The implementation of the National Credit Act on Friday changed the process of applying for a credit facility.
The Banking Association outlines the process consumers will now follow when applying for credit:
l A customer requests a credit facility from a bank or retailer.
l Various details, in addition to the Fica documentation, need to be provided to the credit lender.
These include a statement of monthly income and costs, existing debts, household budget, marital status and race - requirements for statistical reasons.
Couples married in community of property will require the written consent of their spouses.
l An affordability assessment is conducted on the person requesting the credit.
l The credit lender will evaluate the customer's understanding of the costs and responsibilities around the credit agreement.
l The customer's ability to meet the repayments on time within their existing financial means will be assessed.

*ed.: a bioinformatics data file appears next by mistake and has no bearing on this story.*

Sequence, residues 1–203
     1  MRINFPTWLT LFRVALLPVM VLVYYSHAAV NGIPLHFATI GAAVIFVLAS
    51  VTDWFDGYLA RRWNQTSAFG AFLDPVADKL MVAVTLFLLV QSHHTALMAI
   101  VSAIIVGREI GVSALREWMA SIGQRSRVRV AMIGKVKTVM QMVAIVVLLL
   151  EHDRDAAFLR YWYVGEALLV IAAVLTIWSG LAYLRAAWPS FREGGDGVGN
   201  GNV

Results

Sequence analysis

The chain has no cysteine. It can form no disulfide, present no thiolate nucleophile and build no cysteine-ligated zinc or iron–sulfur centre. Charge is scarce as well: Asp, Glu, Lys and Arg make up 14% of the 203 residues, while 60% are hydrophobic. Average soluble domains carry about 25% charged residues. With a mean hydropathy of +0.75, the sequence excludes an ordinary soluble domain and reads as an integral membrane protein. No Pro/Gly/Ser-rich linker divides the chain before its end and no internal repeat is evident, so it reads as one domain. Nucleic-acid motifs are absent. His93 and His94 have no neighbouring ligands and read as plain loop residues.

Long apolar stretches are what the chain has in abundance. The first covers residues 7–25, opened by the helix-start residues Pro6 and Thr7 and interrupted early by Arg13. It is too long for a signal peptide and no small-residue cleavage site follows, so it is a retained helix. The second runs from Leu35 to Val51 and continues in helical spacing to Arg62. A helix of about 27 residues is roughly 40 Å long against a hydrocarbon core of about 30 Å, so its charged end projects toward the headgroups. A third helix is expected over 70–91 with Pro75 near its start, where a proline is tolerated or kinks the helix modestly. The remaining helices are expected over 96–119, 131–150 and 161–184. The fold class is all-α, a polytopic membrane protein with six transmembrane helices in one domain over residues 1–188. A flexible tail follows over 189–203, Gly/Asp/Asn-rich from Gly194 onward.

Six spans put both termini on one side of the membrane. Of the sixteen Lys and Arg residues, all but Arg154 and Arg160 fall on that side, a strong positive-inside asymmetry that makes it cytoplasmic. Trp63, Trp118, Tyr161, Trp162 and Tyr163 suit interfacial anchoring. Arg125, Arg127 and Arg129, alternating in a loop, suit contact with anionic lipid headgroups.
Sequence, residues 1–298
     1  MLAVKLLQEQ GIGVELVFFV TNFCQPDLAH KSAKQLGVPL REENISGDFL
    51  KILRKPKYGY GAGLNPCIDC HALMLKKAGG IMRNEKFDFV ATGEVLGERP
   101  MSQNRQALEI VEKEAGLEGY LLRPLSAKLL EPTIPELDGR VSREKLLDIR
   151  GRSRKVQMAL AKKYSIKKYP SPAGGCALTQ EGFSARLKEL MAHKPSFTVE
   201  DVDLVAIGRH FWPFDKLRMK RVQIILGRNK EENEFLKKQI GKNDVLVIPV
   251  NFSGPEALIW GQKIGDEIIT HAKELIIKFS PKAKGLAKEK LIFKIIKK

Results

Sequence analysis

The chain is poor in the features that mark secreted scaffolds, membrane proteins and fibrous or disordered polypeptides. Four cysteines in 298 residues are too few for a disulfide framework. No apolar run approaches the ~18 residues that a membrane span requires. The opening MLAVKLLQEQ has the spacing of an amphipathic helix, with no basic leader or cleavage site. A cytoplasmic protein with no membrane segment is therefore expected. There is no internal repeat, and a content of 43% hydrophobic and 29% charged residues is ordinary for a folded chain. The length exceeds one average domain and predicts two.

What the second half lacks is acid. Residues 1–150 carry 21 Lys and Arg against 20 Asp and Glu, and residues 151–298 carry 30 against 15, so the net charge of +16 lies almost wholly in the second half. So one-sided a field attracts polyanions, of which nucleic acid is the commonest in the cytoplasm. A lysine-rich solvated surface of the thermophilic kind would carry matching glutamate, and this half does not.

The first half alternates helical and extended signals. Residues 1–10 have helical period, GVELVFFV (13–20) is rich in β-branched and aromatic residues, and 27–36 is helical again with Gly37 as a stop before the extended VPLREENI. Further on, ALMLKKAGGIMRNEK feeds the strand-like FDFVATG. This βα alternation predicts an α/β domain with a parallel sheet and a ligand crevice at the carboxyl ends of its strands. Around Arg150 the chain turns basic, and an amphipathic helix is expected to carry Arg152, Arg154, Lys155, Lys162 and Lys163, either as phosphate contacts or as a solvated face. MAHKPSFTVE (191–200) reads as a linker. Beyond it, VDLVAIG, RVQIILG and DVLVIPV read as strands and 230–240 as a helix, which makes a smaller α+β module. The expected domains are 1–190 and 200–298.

l The customer's debt repayment history will be assessed.
If the credit request is approved:
l The credit provider will compile a quotation for the customer.
l This quotation will include all associated charges, which are interest, initiation fees and service fees. Credit providers will disclose the pricing for each of these charges.
l The customer will then have a five-day period in which to consider the quotation, including obtaining competing quotations. The quotation must be accepted before the five-day period ends.
l If the consumer is comfortable with the quotation, the credit application will be processed immediately.
If the credit request is declined:
l Consumers will be able to request from credit providers, in writing, the main reason for the declining of the credit request.
l The act allows for borrowers to apply for a debt review through the National Credit Regulator. This review is conducted by a debt counsellor. Consumers are advised that such an application should be a last resort.
A consumer's future access to credit will be affected negatively once a formal application is made under the act for debt counselling.
The association says: "The new regulations require that customers remain totally honest about their details.
"The race of the credit requester also needs to be provided as the regulator is required to assess how the market is developing," the association says.